Data 05 00089 g002
Table 1. Killip classification.
Table 1. Killip classification.
ScoreFeatures
1No sign of heart failure
2Rales in the lungs, third heart sound (S3), and elevated jugular venous pressure,
3Acute pulmonary edema
4Cardiogenic shock or arterial hypotension, and evidence of peripheral vasoconstriction
Table 2. Different items of the text file with clinical characteristics. BMI: body mass index. STEMI: ST-elevation myocardial infarction. LVEF: left ventricular ejection fraction. NTProBNP: N-terminal pro-B-type natriuretic peptide.
Table 2. Different items of the text file with clinical characteristics. BMI: body mass index. STEMI: ST-elevation myocardial infarction. LVEF: left ventricular ejection fraction. NTProBNP: N-terminal pro-B-type natriuretic peptide.
Item NameCommentTypeExample
CaseName of the examCharactersCase P001 1
Gap between slicesDistance between two slicesDistance in mm10 mm
SexSexCharacter (F or M)F
AgeAge in yearsNumber71
TobaccoTobacco (yes, no, or former smoker)Number between 1 to 31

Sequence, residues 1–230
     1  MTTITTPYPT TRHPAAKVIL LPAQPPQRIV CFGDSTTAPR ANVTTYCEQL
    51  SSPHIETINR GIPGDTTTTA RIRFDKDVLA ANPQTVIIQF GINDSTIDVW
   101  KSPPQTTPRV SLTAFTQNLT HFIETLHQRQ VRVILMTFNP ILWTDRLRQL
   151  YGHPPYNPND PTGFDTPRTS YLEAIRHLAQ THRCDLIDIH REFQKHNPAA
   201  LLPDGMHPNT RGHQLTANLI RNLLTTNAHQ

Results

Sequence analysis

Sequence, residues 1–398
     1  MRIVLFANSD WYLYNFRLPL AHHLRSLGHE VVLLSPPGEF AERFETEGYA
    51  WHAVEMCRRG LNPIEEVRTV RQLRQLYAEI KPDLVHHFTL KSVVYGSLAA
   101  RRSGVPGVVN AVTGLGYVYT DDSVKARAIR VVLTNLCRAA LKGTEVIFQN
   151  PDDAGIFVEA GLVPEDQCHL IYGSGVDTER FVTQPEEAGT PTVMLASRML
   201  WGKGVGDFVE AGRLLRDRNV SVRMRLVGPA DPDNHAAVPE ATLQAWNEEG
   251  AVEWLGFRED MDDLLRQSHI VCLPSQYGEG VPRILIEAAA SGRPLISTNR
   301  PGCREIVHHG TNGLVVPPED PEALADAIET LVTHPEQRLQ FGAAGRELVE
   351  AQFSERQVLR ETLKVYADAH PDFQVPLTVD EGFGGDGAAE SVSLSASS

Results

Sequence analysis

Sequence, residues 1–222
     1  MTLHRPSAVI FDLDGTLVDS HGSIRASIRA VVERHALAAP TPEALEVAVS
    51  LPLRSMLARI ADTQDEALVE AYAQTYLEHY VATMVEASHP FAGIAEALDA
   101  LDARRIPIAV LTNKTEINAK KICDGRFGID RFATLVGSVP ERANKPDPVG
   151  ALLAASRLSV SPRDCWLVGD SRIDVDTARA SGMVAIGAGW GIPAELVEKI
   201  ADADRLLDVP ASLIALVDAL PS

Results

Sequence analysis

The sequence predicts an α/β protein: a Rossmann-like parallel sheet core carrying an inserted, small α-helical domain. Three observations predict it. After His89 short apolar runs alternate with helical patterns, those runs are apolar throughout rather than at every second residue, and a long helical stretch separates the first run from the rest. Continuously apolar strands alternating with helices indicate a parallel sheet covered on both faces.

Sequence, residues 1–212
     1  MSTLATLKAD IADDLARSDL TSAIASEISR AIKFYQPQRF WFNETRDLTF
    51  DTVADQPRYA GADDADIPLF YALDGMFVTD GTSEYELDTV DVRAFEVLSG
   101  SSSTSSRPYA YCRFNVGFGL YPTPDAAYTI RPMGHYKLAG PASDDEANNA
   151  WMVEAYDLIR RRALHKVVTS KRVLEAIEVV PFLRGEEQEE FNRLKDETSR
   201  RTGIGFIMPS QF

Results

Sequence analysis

OverweightOverweight if BMI > 25Character (Y/N)Y
Arterial hypertension Character (Y/N)Y
Diabetes Character (Y/N)Y
Familial history of coronary artery diseasePrevious cardiovascular eventsCharacter (Y/N)Y
ECG (ST +)MI with STEMICharacter (Y/N)Y
Troponin Number (value in ng per mL of blood)11
Killip max Number between 1 to 42
LVEFLVEF calculated from echocardiographyNumber (percentage)45
NTProBNP Number (value in pg per mL of blood)229
1 Letter N means “normal” corresponding to normal cases, and P is associated to “pathological” cases.

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MDPI and ACS Style

Lalande, A.; Chen, Z.; Decourselle, T.; Qayyum, A.; Pommier, T.; Lorgis, L.; de la Rosa, E.; Cochet, A.; Cottin, Y.; Ginhac, D.; Salomon, M.; Couturier, R.; Meriaudeau, F. Emidec: A Database Usable for the Automatic Evaluation of Myocardial Infarction from Delayed-Enhancement Cardiac MRI. Data 2020, 5, 89. https://doi.org/10.3390/data5040089

AMA Style

Lalande A, Chen Z, Decourselle T, Qayyum A, Pommier T, Lorgis L, de la Rosa E, Cochet A, Cottin Y, Ginhac D, Salomon M, Couturier R, Meriaudeau F. Emidec: A Database Usable for the Automatic Evaluation of Myocardial Infarction from Delayed-Enhancement Cardiac MRI. Data. 2020; 5(4):89. https://doi.org/10.3390/data5040089

Chicago/Turabian Style

Lalande, Alain, Zhihao Chen, Thomas Decourselle, Abdul Qayyum, Thibaut Pommier, Luc Lorgis, Ezequiel de la Rosa, Alexandre Cochet, Yves Cottin, Dominique Ginhac, Michel Salomon, Raphaël Couturier, and Fabrice Meriaudeau. 2020. "Emidec: A Database Usable for the Automatic Evaluation of Myocardial Infarction from Delayed-Enhancement Cardiac MRI" Data 5, no. 4: 89. https://doi.org/10.3390/data5040089